Here are two rankings Arizona football would like to have reversed:
The Wildcats have played the toughest schedule in the country, according to Jeff Sagarin’s ratings on USAToday.com.
Meanwhile, Arizona is last nationally among 120 FBS teams in sacks.
The Wildcats have only three sacks — 0.5 per game — and, if possible, the situation is even worse than the actual number.
Really, Arizona has a scant one sack since the second play of the season, when defensive end C.J. Parish dropped NAU quarterback Cary Grossart. The Cats sacked Grossart one more time and then picked up a “team” sack when Oklahoma State’s Brandon Weeden fell down for a sack in the second game.
That’s it in the sack department.
Other troubling numbers:
–Arizona is 119th in rushing (71.8 yards per game)
–117th in total defense (37.5 points per game)
–116th in total defense (487.7 yards per game)
–Tied for 115th in turnovers gained (five)
–Tied for 115th in penalties (8.17 per game)
And here is a more obscure, yet also worrisome stat, courtesy of cfbstats.com:
The Wildcats have allowed 40 plays of 20-plus yards, which is tied for the fifth-worst total in the nation.
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Neither Arizona’s 10-game losing streak to FBS teams, nor the midseason firing of coach Mike Stoops, scared off the oddsmakers.
The Wildcats opened as four-point favorites for Thursday’s home game against 3-3 UCLA.
The game begins at 6 p.m. and will be televised by ESPN.
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Interim head coach Tim Kish will address the media Monday morning at Arizona football’s weekly news conference.
One of the questions: What will he do at place-kicker?
John Bonano came in to kick the final PAT at Oregon State after more struggles from Alex Zendejas, who started the season on the bench before replacing Jaime Salazar.
One more stunningly bad stat: Arizona has missed as many extra point attempts (14 of 19) as the entire Big Ten (269 of 274).
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Arizona has been off limits to the media since Wednesday, but UCLA coach Rick Neuheisel met with reporters after his team’s practice Sunday night.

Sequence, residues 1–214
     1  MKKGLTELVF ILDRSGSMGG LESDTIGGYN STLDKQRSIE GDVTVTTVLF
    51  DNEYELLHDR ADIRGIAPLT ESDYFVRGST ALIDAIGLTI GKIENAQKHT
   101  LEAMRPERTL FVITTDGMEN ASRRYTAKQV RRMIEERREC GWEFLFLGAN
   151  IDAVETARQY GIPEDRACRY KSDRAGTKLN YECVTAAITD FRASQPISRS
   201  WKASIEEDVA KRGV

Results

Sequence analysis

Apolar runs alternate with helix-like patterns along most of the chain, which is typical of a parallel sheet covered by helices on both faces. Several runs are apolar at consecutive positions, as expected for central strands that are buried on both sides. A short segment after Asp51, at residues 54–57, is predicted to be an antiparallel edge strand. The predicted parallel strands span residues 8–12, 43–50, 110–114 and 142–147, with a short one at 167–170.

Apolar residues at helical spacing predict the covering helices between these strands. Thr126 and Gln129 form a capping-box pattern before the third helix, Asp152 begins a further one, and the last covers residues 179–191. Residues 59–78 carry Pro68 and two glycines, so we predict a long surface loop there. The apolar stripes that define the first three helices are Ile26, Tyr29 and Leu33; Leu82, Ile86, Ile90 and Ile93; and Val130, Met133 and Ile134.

UCLA, which is 2-1 in the Pac-12 South, is a half-game behind ASU (3-1) and is the only eligible team that has a realistic chance to catching the Sun Devils.
“It’s exciting around here,” Neuheisel said. “We have a big game on national television, and if we keep this thing rolling and play well this week, we can be in the thick of things.”
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Arizona quarterback Nick Foles moved up to second in the country in passing during the team’s off week, averaging 375.8 yards per game. Houston’s Case Keenum leads the country with 384.3 yards per game.
“Well, he’s an NFL player,” Neuheisel said of Foles. “He’s a guy who gets it out of his hand quickly. He certainly has a mastery of their offense. …
“You have to understand he is going to hit some. You just have to be very, very good at not giving up the big play, and you have to be very, very good when they get close to the end zone.”
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Stoops would have liked to have had another shot at UCLA. He had his second-most success in conference games against the Bruins, going 5-2 and winning four in a row. Stoops was 5-1 against Washington State.
Stoops was 17-35 against the seven other conference opponents he played; he never made it to play against newcomers Colorado or Utah.
Whatever he did on defense against UCLA, it worked. The Bruins never gained more than 348 yards in any of seven games against Stoops and have been under 300 yards in each of the past five.
“Our team has a very healthy respect for Arizona,” Neuheisel said.
“We know we are going to have to play great football to win. And they have the feeling of a fresh start. They probably feel horribly about what has happened to their head coach, and the only way they can make up for it is to play their tails off.”
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Former Arizona defensive end Brooks Reed, a second-round pick of the Houston Texans this year, made his first career start Sunday. He filled in for Mario Williams, who is out for the season because of a torn pectoral muscle.
Reed made six tackles and broke up a pass as the Texas lost 29-14 at Baltimore. He had a total of six tackles through the first five games.